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Aims to promote energy investments in Egypt, including renewable energy investment. Establishes incentives to encourage investment: reduces related sales tax, sets low custom duties on renewable energy equipment (2%), refunds expenses paid to extend infrastructure facilities to the project’s land, subsidizes training programs and social insurance for employees, allocates government-owned at discounted values.

Reforms the Egyptian electricity market and aims to strengthen competitiveness of electricity market and ensure freedom of competition. The Electricity Utility and Consumer Protection Regulatory Agency is given responsibility for regulating the development and promotion of renewable energy production and use, increasing electricity use efficiency, and issuing renewable source certificates. Allows for private sector participation in electricity generation and distribution and sets out the framework for market liberalization. This law also codifies the permitting and licensing for renewable electricity production.

By 2027, install around 3,500 MW of solar power plants (2,800 MW CSP + 700 MW PV). Private investment share of these installations is estimated for 67% through competitive bidding, feed-in tariff and third party access schemes.

Establishes competitive bidding mechanism for build-own-operate (BOO) contracts for renewable energy procurement. The Egyptian Electricity Transmission Company (EETC) will hold five rounds of tenders for BOO contracts and the New and Renewable Energy Authority (NREA) is responsible for land provision to selected projects. After the decommissioning of a project, the land goes back to NREA. Contracts can be granted for 20 (wind) and 25 (solar) years.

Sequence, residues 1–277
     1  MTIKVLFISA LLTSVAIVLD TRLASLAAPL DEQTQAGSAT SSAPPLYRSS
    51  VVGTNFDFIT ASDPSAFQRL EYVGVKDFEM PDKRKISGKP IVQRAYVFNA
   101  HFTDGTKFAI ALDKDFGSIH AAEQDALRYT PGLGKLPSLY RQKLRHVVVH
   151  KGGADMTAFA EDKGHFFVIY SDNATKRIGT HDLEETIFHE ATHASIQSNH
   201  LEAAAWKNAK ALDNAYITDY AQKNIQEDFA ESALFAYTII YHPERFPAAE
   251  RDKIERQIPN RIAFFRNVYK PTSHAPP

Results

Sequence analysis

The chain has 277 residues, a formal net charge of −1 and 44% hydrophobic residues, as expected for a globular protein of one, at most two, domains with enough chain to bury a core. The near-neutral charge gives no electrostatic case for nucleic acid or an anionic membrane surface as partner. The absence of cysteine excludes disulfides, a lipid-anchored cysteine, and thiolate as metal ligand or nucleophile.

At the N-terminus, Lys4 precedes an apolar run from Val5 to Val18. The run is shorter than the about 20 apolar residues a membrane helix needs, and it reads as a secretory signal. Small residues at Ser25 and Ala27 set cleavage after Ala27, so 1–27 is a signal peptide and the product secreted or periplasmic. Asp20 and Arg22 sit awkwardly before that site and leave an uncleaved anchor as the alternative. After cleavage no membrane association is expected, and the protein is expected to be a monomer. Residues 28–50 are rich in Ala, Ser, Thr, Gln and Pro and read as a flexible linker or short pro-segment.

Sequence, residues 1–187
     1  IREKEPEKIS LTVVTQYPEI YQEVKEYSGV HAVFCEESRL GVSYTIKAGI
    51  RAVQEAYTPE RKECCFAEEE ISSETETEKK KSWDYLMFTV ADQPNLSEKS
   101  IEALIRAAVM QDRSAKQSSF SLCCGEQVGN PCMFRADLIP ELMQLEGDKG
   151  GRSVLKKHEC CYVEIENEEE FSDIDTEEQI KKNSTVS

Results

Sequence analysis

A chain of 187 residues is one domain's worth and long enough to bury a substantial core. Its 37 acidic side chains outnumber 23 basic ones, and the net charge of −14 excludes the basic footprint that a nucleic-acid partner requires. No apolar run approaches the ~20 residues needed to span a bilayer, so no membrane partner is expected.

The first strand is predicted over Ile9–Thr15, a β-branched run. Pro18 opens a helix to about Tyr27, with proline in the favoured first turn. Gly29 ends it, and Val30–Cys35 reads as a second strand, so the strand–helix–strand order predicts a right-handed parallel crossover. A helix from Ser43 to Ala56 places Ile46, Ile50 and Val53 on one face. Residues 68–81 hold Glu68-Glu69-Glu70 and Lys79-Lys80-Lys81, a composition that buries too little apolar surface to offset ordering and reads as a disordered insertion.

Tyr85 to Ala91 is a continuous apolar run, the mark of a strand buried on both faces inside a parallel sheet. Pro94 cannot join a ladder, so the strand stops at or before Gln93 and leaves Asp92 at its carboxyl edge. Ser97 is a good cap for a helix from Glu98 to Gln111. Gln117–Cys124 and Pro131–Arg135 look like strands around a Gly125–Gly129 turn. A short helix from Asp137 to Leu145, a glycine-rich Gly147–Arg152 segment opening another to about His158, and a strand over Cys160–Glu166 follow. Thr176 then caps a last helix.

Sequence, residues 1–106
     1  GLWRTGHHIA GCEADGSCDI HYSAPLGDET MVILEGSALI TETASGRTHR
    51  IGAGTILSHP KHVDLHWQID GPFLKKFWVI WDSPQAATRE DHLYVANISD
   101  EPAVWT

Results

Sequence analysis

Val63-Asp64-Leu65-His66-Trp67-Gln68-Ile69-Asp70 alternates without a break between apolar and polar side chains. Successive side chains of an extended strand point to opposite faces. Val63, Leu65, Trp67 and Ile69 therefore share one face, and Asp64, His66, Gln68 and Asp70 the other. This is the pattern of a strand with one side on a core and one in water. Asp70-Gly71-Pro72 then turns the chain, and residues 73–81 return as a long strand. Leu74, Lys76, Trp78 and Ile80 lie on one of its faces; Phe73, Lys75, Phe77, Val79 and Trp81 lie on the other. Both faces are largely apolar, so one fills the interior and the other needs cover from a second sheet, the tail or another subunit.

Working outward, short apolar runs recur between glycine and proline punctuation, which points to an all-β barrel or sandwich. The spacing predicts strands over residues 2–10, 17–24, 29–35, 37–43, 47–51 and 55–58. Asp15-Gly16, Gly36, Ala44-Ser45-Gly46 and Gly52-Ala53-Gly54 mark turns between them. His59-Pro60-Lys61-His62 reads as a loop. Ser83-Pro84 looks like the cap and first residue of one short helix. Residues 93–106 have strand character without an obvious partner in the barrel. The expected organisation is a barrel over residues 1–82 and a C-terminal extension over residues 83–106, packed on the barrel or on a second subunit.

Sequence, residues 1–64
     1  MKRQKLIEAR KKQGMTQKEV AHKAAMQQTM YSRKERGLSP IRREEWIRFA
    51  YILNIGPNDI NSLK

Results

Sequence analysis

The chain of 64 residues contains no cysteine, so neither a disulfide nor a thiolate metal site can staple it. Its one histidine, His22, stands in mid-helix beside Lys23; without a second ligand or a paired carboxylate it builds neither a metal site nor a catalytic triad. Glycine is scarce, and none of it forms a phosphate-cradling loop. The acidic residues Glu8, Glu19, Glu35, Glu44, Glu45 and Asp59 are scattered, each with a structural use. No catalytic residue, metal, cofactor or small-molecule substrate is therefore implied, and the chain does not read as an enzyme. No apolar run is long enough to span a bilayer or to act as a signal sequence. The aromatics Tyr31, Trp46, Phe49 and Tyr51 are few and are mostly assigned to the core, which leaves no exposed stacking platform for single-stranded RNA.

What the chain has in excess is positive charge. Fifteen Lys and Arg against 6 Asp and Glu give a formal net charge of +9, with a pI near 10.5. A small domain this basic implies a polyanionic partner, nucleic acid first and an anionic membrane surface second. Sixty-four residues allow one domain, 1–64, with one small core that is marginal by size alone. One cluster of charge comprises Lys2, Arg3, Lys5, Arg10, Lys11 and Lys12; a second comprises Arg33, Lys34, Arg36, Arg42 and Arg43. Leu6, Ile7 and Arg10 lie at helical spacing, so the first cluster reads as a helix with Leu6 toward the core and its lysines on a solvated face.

Establishes a feed-in tariff system for solar PV and wind projects with capacity less than 50 MW in order to increase renewable energy production. States that long-term leases of state-owned land will be provided to private investors charged at 2% of the electricity produced. 

Aims to incentivize electricity production from renewable energy sources and private sector investment.

Outlines incentives for private investment in renewable energy: long-term Power Purchase Agreements (PPAs) of 20-25 years; a feed-in tariff system; a renewable energy fund to provide subsidies; exemption of renewable energy equipment from custom duties; and the pre-allocation of 7600 square km of land for renewable projects.

By 2020, generate 20% of the country’s electricity from renewable sources, including 12% from wind energy. Notes that one third of the installed capacity, or 2,400MW, will be publicly funded and implemented by the New and Renewable Energy Authority and two thirds of the installed capacity, or 4,800MW, will be achieved through private investments facilitated by government incentives.

Outlines national concept for adaptation and mitigation measures and calls for international aid to assist in implementation. Identifies key pillars of sustainable development strategy: more efficient use of energy, increased use of renewable energy, use of advanced locally-appropriate and more-efficient fossil fuel technologies, and energy subsidy reform (implemented by setting different prices for petroleum products based on energy generation efficiency; increasing the efficiency of energy use; providing support to certain sectors to promote switching from conventional energy sources to clean energy sources; and applying the fuel subsidy smartcard system to ensure that subsidies are received by target beneficiaries). Also identifies key technology-related needs: improvements in energy conversion efficiencies, CCS, co-utilization of fossil fuel and biomass in the same plants, and the utilization of co-generation plants.